Men are raising there voice against the criticism of their gender. The way we see it these days is as if the whole problem the country is facing is because of the males. We have an issue to attend t in this country.
We have endured a lot of men bashing, and I think it is time as men we say enough is enough. Instead of being fiercely criticised, being labelled all sorts of names in society that treats men and their behaviour as the problem (mostly, rightfully so), why don’t we ask this question: What is it about society that has made growing up seem so difficult to men?
Teenage boys are seen as potential molesters, probable perverts, inherent abusers or future deadbeats at that tender age.
British political commentator and writer Milo Yiannopoulos puts it this way: “In modern society, there are fewer and fewer opportunities for men to be men. For masculinity to flourish in all its glory.”
We need to start celebrating positive masculinity as a society.
We can’t continue to sketch this incomplete picture of masculinity, by only showing its negativity.
Perhaps we should start taking positive approach to start helping the next generation of men. We should start building on what is positive in boys or men rather than to focus on what is wrong with them.
In a 2018 Times opinion essay titled, The boys are not all right, comedian and author, Michael Ian Black wrote: “The past 50 years have redefined what it means to be female in America. Girls today are told that they can be anything, be anyone. They have absorbed the message: They’re outperforming boys in school at every level. But it isn’t about performance.”
He further said: “Boys, though, have been left behind. No commensurate movement has emerged to help them navigate toward a full expression of their gender. It’s no longer enough to ‘be a man’ – we no longer even know what that means.”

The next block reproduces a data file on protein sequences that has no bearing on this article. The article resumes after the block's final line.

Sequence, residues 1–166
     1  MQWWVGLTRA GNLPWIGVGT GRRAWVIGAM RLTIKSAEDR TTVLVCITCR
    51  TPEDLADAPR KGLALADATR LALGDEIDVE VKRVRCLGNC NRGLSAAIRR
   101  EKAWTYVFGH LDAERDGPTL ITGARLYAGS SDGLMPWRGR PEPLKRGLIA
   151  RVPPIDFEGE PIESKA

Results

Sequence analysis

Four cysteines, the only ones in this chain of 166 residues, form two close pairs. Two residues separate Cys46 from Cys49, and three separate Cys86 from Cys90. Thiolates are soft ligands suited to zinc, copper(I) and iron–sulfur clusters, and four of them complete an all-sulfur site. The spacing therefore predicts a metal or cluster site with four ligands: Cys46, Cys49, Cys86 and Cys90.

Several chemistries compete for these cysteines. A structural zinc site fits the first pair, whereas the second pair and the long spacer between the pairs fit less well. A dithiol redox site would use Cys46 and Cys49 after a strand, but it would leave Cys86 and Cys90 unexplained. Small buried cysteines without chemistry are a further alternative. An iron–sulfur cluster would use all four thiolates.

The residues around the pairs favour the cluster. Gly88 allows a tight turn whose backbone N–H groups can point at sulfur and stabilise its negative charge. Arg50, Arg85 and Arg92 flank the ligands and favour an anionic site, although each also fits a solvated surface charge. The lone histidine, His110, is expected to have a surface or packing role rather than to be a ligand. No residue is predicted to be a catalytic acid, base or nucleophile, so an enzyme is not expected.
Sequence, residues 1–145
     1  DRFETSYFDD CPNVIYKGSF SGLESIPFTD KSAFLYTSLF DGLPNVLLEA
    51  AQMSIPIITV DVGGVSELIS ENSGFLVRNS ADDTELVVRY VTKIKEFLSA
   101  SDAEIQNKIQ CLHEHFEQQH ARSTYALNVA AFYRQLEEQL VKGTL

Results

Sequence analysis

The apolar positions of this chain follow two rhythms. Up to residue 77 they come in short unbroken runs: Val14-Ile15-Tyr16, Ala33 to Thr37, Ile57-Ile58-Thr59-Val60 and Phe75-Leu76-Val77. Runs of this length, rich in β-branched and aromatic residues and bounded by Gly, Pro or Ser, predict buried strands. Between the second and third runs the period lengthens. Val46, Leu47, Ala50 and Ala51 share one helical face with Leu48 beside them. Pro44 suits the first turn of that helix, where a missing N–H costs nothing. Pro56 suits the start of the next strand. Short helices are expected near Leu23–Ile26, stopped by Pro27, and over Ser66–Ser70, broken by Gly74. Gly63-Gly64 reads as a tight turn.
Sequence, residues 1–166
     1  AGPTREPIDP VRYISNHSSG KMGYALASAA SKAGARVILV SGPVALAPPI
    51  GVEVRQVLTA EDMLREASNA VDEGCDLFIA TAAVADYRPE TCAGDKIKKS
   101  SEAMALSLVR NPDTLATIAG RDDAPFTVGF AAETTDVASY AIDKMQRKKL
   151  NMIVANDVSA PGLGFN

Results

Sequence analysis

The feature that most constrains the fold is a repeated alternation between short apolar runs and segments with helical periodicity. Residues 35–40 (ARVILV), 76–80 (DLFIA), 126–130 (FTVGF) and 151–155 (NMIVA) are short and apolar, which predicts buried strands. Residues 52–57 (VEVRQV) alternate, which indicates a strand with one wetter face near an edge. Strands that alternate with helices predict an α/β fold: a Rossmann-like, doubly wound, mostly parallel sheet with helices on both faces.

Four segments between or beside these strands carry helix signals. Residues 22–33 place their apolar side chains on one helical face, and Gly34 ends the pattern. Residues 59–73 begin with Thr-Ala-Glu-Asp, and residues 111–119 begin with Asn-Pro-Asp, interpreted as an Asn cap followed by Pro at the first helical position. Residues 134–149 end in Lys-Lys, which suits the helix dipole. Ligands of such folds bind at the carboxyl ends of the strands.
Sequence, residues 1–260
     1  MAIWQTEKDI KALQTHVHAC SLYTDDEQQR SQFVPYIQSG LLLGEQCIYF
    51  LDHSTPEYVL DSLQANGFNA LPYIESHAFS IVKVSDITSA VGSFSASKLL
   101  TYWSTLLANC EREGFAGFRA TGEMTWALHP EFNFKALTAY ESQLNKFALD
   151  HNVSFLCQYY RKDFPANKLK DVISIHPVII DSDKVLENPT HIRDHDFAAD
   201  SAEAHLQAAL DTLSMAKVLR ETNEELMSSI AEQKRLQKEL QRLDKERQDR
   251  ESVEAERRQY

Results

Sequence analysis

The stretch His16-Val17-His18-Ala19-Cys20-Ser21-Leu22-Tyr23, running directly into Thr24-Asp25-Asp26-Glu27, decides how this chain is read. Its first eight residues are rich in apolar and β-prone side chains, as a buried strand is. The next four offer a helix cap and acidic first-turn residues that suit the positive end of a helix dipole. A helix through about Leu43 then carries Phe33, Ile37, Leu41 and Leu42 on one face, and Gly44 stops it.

That is a huge challenge that is equally faced by boys and young men in South Africa. The varsity and college spaces are even worse. There are movements and forums for girls and nothing for boys.
For example, these lads live with broken hearts of babies that were legally aborted without their consent as potential fathers, because “it isn’t their bodies that carry the baby”. Not only that, it gets more saddening, the ladies are given counselling after the abortions to help them heal emotionally and otherwise.
However, the young men are left alone, to carry the pain and hurt.
Society cannot continue to ignore the fact that men need help. If men keep on becoming a social problem and a threat to humanity, then the focus should be on them.
Boys and men are going through a lot. To ignore that we are at crossroads with ourselves and with how we have been socialised, will be to deny justice.
As Martin Luther King Jr once said: “Injustice anywhere is a threat to justice everywhere.” If we continue to allow injustice to men today, we will definitely find ourselves fighting for justice for men in the next 20 to 30 years.
As Helen Smith puts it: “Something in today’s 21st century is amiss. Modern society has turned its back on the average male. All around you, you hear the question: ‘Where have all the good men gone?’”
But you know instinctively that it’s the wrong question. The right question is: Why have all the good men gone on strike?
And she further argues: “Most men are not acting irresponsibly because they are immature or because they want to harm women; they are acting rationally in response to the lack of incentives in today’s society of them to be responsible fathers, husbands and providers.
“In addition, many are going on strike, either consciously or unconsciously, because they do not want to be harmed by the myriad of laws, attitudes and backlash against them for the simple crime of happening to be male in the 21 century.”
I say let us reclaim our glory as men. Enough is enough! Let’s change the narrative. In former US president Barack Obama’s famous words: “Yes, we can!”